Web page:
JUNE 25, 2021
How Do I Sell My Business? How To Buy a Business?
Selling a business can be a complex and confusing process. There are a variety of methods and approaches to take when selling or buying a business. In general, I generally classify the transaction either as an asset sale or a share sale. In most of the small business type sales I help with, I recommend using an asset sale. An asset sale is like it sounds, the seller is simply selling the assets owned. In this blog post, I am going to focus on the asset sale approach.
An asset sale goes something like this: the seller has assets including a book of business, tangible assets, and some goodwill. The buyer wishes to acquire some or all of the assets but does not want to become liable for past business of the seller. By simply selling the assets of the business, the buyer can acquire the good (i.e. the assets) and not acquire the bad (i.e. the liabilities).
Assets don’t just need to be tangible to be sold. An example of a tangible asset is a piece of equipment or a vehicle. Tangible assets sometimes can more easily be given a value by the buyer and seller. Sometimes intangible assets such as goodwill or customer lists can be harder to value. In these cases, there are many different valuation methods and appraisal standards. These valuation concepts are a discussion for a different blog.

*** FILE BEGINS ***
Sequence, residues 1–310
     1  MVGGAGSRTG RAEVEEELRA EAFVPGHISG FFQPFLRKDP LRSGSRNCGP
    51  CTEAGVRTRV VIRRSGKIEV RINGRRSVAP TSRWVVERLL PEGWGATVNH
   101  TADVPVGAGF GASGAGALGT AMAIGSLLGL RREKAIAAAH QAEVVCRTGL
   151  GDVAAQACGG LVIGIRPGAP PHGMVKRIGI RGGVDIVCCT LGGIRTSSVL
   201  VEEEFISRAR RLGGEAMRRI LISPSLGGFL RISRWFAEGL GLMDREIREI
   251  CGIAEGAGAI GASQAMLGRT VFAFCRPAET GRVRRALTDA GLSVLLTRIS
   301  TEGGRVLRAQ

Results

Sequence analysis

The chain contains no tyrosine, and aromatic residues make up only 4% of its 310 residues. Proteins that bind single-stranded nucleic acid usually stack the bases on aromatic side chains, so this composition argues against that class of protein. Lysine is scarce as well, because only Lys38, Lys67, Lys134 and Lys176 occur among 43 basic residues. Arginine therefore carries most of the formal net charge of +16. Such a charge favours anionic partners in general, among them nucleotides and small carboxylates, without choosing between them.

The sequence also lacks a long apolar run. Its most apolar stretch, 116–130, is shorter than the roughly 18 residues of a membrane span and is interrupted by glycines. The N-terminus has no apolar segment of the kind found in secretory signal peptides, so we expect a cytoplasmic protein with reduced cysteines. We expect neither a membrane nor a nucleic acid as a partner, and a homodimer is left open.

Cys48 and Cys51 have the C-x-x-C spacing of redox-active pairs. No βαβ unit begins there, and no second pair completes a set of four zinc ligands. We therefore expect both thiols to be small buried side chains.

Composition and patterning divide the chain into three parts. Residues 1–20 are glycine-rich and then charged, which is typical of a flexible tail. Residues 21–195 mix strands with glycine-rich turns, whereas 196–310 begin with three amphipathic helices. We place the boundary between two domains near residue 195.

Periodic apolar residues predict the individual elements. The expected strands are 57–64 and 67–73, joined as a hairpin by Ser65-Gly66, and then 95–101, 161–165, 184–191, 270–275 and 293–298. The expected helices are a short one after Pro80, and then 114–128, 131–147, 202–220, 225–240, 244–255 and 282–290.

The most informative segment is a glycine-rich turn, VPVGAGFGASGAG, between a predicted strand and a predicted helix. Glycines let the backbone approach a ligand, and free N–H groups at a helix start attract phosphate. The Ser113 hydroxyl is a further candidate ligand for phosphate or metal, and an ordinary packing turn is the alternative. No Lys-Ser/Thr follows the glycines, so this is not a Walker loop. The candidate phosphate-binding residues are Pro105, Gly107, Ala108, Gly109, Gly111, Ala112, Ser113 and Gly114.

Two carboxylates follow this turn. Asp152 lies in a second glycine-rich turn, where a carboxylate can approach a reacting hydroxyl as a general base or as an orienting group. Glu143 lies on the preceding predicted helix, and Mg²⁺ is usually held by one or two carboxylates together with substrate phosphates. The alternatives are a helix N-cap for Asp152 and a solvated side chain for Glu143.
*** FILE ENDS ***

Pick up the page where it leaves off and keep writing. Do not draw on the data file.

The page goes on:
The process of an asset sale often tracks the following steps. First a purchase agreement is signed between the buyer and seller. The purchase agreement lays out the terms and conditions of the transaction. Such terms may include a closing date, price, due diligence, jurisdiction, assets, and so forth. After the purchase agreement is signed, a due diligence period is started wherein the buyer gets to examine the assets being acquired in great detail. I typically like to see the buyer have the right to fully review all aspects of the business. The buyer’s right to examine all aspects of the business protects both the buyer and the seller. If the buyer has remorse, the buyer will have a more difficult time alleging the seller defrauded them, therefore protecting the seller. The buyer will have more opportunity to understand the acquisition and therefore make a fully informed decision, therefore protecting the buyer.
Once due diligence is completed, a closing plan is put into place. Documents that may be needed for closing include deeds, titles, non-competes, pro-ration agreements, bill of sale, promissory notes, security agreements, UCC filings, corporate resolutions, assignments, warranties, franchise documents, state filings, dissolution agreements, and so forth. Often times, in a small business the seller provides a “seller carry.” What this means is that the seller finances a portion of the sale price. In this case a promissory note would be required that promises that the buyer will pay the seller a certain amount over an agreed time period.
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